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Sometimes, usually in direct speech, it is appropriate to contract (or join) two words together (dropping a number of letters). Where this happens, an apostrophe is used to indicate that there are letters missing.


It's = it is

isn't = is not

we're = we are


However many letters are missing, only one apostrophe is used.


Apostrophes may also be used to indicate MISSING LETTERS when words are mispronounced in direct speech.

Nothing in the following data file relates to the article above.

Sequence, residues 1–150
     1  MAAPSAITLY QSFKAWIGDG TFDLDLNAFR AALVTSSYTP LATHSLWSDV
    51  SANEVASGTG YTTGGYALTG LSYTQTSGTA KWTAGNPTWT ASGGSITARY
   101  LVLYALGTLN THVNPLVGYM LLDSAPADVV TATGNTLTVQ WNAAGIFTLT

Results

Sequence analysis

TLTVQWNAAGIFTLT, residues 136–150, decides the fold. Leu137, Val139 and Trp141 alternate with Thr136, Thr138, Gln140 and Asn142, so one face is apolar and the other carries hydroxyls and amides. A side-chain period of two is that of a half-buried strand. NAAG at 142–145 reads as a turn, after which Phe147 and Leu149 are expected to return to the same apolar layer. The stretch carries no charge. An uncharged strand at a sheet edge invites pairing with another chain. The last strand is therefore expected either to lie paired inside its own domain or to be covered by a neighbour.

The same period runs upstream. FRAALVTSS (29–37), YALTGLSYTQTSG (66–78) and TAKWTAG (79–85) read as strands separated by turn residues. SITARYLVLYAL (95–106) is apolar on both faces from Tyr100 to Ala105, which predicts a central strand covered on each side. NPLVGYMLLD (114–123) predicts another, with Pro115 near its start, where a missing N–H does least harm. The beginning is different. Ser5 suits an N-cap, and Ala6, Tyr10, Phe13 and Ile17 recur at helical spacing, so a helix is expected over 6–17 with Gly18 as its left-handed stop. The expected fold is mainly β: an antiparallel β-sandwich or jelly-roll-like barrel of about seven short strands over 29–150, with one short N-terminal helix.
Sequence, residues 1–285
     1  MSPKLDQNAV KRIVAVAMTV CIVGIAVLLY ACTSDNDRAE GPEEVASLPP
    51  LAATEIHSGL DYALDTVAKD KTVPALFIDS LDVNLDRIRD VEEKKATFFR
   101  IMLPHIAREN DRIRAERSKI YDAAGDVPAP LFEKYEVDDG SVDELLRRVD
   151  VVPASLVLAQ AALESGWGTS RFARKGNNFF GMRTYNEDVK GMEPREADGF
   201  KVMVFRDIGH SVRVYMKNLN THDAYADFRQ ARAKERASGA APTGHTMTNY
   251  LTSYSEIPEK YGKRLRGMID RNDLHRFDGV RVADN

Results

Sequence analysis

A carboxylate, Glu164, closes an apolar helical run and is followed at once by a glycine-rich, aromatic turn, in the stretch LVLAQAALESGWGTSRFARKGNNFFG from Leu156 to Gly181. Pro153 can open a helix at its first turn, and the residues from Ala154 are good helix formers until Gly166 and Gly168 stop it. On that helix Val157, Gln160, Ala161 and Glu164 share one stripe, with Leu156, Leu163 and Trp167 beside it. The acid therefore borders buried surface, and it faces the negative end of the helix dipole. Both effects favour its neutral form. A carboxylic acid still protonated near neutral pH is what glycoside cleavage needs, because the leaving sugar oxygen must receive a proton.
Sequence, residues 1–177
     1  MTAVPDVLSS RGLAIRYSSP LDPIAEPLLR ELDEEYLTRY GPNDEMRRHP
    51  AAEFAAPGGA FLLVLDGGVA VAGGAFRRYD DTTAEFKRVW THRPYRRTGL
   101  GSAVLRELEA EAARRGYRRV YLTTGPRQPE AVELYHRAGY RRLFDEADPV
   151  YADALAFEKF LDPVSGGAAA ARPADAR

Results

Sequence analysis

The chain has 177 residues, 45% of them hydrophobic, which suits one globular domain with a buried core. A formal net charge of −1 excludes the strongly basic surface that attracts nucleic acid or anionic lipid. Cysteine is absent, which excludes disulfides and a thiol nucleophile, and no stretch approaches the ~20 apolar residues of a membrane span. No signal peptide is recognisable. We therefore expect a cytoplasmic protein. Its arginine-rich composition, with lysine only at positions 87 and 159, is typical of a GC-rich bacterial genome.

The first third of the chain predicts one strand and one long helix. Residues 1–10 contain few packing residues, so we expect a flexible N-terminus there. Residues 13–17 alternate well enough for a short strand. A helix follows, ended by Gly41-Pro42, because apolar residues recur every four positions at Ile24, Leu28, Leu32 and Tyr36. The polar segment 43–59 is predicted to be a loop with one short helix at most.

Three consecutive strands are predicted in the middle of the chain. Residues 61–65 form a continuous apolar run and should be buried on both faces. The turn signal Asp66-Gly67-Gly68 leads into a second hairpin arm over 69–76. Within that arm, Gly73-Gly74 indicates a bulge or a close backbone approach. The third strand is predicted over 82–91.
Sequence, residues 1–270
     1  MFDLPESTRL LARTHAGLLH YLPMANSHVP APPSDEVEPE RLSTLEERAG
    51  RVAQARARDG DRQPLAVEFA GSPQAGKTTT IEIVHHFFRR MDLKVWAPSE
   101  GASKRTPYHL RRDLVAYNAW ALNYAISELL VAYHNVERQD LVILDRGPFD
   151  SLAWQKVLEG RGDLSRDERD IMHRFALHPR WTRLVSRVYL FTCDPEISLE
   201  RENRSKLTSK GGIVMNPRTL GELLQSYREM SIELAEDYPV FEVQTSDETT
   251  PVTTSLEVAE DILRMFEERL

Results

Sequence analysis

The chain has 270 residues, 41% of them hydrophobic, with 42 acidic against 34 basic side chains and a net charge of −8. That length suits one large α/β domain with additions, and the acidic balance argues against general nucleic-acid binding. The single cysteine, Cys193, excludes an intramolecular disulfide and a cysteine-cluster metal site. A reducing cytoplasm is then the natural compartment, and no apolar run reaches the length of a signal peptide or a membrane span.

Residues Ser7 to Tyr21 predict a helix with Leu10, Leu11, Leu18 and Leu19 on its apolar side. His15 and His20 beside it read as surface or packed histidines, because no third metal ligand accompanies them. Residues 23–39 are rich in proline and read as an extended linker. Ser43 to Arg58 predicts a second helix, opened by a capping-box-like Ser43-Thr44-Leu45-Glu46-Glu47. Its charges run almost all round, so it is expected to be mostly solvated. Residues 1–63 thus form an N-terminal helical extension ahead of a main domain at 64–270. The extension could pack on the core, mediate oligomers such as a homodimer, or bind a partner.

"'Arry's 'ad an 'ard time," he said.

"I'm sick of runnin' away," she muttered.


We regularly use apostrophes when shortening the DATE.


The Beatles came to prominence in '62.

When the war ended in '45 it was a time of mixed emotions.


Occasionally, to avoid confusion, it may be appropriate to use an apostrophe to indicate unusual plurals (but this is rare and should be avoided wherever possible).


Dot your i's and cross your t's.

Mind your p's and q's.




Introduction - Capital letters - Full stops - Question Marks - Exclamation marks - Abbreviations - Contractions - Commas - Speech marks (Quotation marks - Inverted comas) - Possessive apostrophes - Colons - Semi-colons - Brackets - Hyphens - Dashes - Obliques (slashes)